The first time I was involuntarily drawn into their kink was the morning after they had stayed the night with me when we had been drinking the evening before. We had discussed cuddles and other various topics of physical intimacy, but hadn’t reached any apparent consensus (which is just fine). We had even been swinging my BDSM toys around in a flirtacious manner, but no one was being aggressive or invasive with them. So in the morning, we started to cuddle a little. But before long, they were pushing their sexual organs against my buttocks. Then their pants came off and their hands reached up onto my upper arms. I did not respond, because as confusing as this may sound, I didn’t know how to respond. I wanted cuddles but not sex. And apparently what is cuddles to me borders on molestation to them. When they grabbed my hand and put it behind me, I took my hand back and simply said “not right now” before it crossed that very extremely thin line, to an exact repeat of so much of my history of sexual trauma. We never cuddled again. We never spoke about this event after that.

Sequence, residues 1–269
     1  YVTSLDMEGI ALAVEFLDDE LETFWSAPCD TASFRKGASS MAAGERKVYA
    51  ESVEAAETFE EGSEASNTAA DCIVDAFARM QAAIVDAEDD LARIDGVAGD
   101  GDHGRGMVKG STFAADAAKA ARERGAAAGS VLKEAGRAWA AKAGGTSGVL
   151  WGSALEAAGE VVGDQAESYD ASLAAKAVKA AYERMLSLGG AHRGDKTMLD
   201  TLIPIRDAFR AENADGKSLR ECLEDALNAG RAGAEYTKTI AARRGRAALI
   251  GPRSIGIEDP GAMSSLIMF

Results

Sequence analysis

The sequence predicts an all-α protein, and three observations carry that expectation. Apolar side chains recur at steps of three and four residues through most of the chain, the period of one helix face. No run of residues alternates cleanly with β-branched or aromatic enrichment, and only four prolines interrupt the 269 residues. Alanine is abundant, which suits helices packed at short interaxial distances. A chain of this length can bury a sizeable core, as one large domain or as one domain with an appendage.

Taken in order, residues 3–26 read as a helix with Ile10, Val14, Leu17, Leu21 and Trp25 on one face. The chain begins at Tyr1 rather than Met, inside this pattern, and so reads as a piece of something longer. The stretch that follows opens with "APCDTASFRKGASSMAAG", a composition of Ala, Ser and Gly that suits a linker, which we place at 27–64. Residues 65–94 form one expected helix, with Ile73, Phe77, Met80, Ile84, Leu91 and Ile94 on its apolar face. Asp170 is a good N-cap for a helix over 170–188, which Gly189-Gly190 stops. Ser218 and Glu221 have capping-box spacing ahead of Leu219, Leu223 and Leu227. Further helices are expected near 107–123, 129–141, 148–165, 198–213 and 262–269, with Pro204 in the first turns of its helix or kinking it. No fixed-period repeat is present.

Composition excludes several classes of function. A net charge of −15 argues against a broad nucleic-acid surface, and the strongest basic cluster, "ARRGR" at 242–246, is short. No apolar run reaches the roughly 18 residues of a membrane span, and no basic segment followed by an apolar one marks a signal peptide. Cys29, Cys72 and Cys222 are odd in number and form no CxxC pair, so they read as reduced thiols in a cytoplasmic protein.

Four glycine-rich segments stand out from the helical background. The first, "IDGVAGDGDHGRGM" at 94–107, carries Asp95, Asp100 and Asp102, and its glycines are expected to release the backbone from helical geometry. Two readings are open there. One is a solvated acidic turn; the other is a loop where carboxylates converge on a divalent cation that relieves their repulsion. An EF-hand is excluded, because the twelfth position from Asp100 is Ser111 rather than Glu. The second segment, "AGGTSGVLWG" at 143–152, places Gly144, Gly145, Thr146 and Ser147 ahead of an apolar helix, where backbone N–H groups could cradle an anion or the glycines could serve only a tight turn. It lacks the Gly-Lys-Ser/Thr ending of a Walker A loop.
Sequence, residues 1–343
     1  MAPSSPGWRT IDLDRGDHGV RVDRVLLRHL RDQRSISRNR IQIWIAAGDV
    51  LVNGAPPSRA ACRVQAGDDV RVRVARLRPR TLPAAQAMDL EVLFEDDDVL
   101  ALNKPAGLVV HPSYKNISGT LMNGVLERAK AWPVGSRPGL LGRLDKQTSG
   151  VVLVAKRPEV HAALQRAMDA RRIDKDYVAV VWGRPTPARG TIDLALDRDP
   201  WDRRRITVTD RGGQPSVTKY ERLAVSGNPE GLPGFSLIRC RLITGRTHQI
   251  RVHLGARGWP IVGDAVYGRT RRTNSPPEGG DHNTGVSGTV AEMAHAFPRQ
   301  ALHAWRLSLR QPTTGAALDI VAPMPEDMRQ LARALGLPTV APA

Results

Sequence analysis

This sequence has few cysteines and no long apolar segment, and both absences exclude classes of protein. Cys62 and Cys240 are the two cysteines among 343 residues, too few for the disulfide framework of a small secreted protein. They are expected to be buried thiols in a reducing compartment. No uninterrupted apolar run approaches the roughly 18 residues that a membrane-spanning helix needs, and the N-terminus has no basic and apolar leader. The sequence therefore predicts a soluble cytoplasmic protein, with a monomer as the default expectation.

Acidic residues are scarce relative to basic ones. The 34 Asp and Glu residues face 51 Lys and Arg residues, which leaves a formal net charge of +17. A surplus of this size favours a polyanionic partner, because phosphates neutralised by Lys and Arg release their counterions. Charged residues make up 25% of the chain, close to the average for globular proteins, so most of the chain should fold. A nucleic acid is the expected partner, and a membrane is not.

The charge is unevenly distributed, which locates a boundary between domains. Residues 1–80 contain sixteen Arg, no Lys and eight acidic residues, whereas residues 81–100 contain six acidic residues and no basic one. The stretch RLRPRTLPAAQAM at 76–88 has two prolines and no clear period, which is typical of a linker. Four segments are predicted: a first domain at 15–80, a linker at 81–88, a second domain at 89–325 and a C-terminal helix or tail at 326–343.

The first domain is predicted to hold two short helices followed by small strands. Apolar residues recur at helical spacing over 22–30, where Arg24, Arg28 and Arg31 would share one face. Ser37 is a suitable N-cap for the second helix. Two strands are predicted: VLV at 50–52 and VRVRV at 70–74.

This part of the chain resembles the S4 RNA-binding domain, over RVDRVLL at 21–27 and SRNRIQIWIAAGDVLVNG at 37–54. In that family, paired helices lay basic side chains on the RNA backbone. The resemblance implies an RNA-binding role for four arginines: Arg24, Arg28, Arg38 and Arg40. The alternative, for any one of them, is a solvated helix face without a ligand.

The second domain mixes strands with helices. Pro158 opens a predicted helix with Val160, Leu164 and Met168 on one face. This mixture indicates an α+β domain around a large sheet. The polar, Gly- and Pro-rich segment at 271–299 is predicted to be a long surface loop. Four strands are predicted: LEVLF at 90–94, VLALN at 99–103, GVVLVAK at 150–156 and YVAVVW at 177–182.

The second time, they told me that we need to talk, but wouldn’t tell me even a hint of what we needed to talk about. We needed to set a date, that date needed to be more than a week ahead of time, and we needed total privacy, but they couldn’t tell me for how long. When the day finally came, and we were alone in a room with the expectation of privacy for a relatively extended duration, they finally came out with it: they wanted to try wearing clothes that are not gender-normative. I was honest about the fact that I did not understand what all the build-up was for. I told them the truth, that while I am myself gender non-normative, I still have a difficulty with some particular forms of gender expression (in that they make me feel uncomfortable, primarily because it triggers my past traumas around sexual objectification and non-consensual gendering). I said that while there is nothing innately wrong or bad about these particular forms of gender expression and gender exploration, I may simply not be the best person to talk to about it. They answered this by reminding me of how important I am to them, and asked me for advice. I asked some questions, and gave some answers for questions they asked me.